The shake-up from Walkerton has been felt throughout Canada. Almost every municipality and every provincial government is re-examining and restructuring the way it delivers water. Those that moved too slowly have been warned. Eleven months after Walkerton, the residents in North Battleford, Saskatchewan, suffered their own outbreak. Approximately 7,100 people suffered from a waterborne infection caused by crytospyridium, likely from a sewage treatment plant located an incredible two kilometres upstream from the raw water intake. Walkerton’s E. coli caused 2,300 to become seriously ill. Sixty-five of them were hospitalized, half of those infants, and there were seven deaths.
Among the policy makers intent on finding ways to avoid such crises in the future, the mantra is a “multi-barrier” approach. The term means taking a holistic, “source to tap” perspective on protecting water quality, where every stage of the delivery journey is taken into account, starting with watershed protection, through treatment and distribution and monitoring.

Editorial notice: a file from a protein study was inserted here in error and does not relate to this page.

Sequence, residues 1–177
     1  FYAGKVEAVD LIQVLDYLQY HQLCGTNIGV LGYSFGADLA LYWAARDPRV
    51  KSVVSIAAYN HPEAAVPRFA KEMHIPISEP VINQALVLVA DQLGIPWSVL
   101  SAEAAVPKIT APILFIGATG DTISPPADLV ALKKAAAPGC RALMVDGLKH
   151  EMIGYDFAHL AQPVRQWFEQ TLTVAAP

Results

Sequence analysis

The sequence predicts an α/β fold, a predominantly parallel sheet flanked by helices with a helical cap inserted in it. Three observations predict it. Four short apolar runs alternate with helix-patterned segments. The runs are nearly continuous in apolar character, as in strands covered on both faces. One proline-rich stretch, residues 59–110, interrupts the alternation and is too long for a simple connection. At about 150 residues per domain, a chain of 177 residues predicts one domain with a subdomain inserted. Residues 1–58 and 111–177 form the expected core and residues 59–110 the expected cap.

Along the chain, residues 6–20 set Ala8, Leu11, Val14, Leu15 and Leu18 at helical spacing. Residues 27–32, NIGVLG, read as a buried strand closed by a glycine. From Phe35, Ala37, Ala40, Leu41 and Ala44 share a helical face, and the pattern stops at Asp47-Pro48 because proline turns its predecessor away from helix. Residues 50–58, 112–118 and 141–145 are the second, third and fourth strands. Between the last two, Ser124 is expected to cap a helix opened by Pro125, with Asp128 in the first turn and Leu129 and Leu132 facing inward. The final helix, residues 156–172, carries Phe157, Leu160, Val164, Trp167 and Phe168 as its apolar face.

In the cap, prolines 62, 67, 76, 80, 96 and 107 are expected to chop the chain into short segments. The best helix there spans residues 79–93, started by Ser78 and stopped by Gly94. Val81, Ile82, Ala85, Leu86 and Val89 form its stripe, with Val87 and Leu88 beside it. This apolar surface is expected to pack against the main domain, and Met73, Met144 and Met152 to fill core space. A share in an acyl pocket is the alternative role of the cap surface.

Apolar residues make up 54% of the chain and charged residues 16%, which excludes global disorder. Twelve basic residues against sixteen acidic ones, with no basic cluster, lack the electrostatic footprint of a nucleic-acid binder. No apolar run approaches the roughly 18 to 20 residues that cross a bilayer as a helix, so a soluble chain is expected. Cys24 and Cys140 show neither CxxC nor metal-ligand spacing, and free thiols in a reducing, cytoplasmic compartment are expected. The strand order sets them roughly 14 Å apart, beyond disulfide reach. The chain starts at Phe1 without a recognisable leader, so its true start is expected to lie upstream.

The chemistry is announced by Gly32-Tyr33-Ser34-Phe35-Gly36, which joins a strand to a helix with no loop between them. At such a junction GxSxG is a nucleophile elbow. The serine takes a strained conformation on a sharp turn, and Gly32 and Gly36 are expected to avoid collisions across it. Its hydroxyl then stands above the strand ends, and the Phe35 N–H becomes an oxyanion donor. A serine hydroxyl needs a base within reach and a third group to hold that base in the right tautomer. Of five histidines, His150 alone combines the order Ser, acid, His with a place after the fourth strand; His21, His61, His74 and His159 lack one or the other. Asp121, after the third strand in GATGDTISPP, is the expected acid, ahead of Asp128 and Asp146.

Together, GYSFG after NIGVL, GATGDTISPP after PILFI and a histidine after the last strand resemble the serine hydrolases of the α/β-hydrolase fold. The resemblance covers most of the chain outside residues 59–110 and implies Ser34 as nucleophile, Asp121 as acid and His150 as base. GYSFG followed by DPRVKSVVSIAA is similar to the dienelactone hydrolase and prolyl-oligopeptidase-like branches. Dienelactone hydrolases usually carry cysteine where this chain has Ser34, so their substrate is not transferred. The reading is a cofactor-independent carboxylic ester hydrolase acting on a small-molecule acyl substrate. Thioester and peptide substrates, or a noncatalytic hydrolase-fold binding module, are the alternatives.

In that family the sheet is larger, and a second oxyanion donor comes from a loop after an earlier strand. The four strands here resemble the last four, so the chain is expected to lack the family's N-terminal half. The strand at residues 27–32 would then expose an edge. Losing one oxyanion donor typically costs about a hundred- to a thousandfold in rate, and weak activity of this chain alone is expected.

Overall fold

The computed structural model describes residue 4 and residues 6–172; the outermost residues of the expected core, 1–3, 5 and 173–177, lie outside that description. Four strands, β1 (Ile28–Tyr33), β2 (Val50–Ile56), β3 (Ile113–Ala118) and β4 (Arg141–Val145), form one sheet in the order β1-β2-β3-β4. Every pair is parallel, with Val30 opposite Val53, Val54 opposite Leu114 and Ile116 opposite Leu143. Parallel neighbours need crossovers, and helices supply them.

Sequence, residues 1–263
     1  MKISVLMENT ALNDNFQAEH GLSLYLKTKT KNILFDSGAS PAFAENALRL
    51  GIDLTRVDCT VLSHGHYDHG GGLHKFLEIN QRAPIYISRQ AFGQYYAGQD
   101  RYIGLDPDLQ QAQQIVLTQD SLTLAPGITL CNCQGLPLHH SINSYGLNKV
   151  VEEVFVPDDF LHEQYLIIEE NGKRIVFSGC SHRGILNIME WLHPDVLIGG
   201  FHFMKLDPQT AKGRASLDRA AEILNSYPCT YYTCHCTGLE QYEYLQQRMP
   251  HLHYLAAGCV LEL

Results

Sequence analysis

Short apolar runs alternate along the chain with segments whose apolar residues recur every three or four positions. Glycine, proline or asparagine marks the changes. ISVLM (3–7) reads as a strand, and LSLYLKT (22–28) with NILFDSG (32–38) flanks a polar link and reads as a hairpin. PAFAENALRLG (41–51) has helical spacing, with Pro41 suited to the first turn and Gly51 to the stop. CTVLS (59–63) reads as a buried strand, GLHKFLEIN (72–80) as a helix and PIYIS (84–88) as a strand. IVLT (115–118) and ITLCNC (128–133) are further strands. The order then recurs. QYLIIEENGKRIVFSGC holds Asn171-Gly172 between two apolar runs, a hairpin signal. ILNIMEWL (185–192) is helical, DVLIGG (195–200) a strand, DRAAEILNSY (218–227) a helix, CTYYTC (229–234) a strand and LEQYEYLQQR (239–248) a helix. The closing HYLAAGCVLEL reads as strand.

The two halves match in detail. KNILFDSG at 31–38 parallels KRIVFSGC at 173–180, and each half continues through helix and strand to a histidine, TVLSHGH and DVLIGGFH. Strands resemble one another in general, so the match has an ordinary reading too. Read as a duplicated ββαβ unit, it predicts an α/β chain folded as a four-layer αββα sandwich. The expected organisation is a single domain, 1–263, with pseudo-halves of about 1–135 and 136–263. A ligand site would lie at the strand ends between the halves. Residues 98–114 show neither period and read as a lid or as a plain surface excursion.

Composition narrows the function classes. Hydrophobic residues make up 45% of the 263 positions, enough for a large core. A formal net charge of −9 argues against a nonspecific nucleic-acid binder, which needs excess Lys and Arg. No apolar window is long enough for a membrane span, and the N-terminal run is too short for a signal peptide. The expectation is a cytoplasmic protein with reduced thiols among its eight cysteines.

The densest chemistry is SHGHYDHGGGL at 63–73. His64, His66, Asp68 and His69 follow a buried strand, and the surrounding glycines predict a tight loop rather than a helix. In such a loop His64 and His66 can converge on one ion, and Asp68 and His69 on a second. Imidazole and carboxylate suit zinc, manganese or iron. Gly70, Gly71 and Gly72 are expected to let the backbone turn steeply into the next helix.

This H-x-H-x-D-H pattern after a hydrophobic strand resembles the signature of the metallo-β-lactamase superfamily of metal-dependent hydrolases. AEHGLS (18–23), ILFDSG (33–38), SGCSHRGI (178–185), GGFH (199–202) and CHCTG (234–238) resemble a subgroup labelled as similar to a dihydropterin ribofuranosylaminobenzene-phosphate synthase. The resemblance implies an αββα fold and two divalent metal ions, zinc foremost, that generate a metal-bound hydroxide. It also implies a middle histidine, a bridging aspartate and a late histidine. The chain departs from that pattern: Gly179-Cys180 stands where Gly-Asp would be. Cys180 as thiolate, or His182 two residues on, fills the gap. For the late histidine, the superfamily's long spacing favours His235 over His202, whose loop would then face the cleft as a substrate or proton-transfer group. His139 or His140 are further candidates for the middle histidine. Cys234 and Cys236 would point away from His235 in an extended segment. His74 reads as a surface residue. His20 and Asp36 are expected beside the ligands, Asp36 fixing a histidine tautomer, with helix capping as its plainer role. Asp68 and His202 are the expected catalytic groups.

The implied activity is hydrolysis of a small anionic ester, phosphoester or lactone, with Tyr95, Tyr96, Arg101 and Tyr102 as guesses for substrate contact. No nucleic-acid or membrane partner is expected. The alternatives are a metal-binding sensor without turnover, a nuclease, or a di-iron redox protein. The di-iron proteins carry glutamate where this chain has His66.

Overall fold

Michle Giddings, manager of the water quality program with Health Canada in Ottawa, elaborated on the multi-barrier approach. She is on the Federal-Provincial-Territorial Subcommittee on Drinking Water, a body of 25 or so experts charged with drawing up the national Guidelines for Canadian Drinking Water Quality. “Since Walkerton and New Battleford there is no such thing as the status quo,” she began. As a result of the extraordinary circumstances, the subcommittee has departed from its normal work to produce a special guidance document on the multi-barrier approach called “From Source to Tap.” It was being finalized in May.
Michael Brodsky, president of his own company in Thornhill, Ontario, advocated a particular method for achieving a multi-barrier approach to water systems. He described the Hazard Analysis Critical Control Point (HACCP) procedure which was developed for the space program and is now used in the food and drug industry.
Brodsky’s main point was that we should be preventing pathogens entering the water system in the first place instead of relying on detecting them afterwards. He said it is no use depending on traditional fecal indicators to detect the presence of E. coli since coliforms can be formed by thermal industrial processes like pulp and paper and vegetable processing plants. Current methods for detecting protozoas and enteroviruses are inadequate and the organisms are not killed by chlorine disinfectant. Any point in the system where there is loss of control, he said, will present a risk.
Ignoring the signs